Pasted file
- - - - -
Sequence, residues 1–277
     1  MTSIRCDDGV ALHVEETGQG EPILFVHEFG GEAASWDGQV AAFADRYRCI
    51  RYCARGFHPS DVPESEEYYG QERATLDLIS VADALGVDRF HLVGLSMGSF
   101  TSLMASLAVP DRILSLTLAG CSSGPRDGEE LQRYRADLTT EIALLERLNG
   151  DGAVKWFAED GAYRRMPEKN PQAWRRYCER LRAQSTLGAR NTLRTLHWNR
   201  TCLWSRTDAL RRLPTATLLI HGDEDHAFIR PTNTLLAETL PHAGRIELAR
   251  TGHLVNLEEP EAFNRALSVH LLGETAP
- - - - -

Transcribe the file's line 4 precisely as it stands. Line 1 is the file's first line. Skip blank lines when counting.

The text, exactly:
   101  TSLMASLAVP DRILSLTLAG CSSGPRDGEE LQRYRADLTT EIALLERLNG